Reports from the UK show that some ISPs are engaging in "packet shaping" to restrict the use of peer-to-peer video services, even if they're legal. Given the net neutrality debate in the US, we might very well see such things coming to our shores soon, especially since telcos and cablecos can't keep up the connection speeds. Compared to other nations, the US is in the slow lane when it comes to broadband. While the Japanese enjoy an average rate of 61Mbps and our Canadian neighbors zoom along at 7.6Mbps, Americans have an average speed of anywhere from 1.9Mbps to 4.8Mbps depending on who you ask. It's enough to have Congress ask the GAO to get on the task of figuring out where we've gone wrong.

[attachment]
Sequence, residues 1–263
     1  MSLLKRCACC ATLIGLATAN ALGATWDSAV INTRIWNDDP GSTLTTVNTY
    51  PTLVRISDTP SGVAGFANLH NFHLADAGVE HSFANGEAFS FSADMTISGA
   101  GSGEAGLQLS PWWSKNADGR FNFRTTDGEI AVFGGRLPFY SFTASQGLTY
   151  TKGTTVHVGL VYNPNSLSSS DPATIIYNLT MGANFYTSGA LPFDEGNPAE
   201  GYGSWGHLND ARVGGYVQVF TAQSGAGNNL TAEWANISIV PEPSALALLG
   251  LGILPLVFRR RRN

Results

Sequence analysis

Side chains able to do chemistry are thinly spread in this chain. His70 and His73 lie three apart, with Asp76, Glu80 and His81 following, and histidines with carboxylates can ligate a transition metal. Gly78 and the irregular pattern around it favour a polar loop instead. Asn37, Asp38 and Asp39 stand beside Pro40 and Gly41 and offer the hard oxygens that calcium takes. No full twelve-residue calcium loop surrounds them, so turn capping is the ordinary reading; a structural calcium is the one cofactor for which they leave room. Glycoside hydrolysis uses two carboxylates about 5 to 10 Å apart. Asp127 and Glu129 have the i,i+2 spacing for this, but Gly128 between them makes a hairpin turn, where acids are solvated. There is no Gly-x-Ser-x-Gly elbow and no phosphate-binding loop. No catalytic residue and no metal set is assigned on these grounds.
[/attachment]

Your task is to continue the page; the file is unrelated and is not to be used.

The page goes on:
While some will openly question projects like Verizon's FIOS as more bandwidth that we could ever need, it's worth noting that 20 homes in 2010 will transmit more data than the entire Internet did in 1995. With all of the bandwidth crunches and the stopgap measures like U-Verse (which can manage a measly 24Mbps), fiber is truly the only option left to make ourselves competitive again.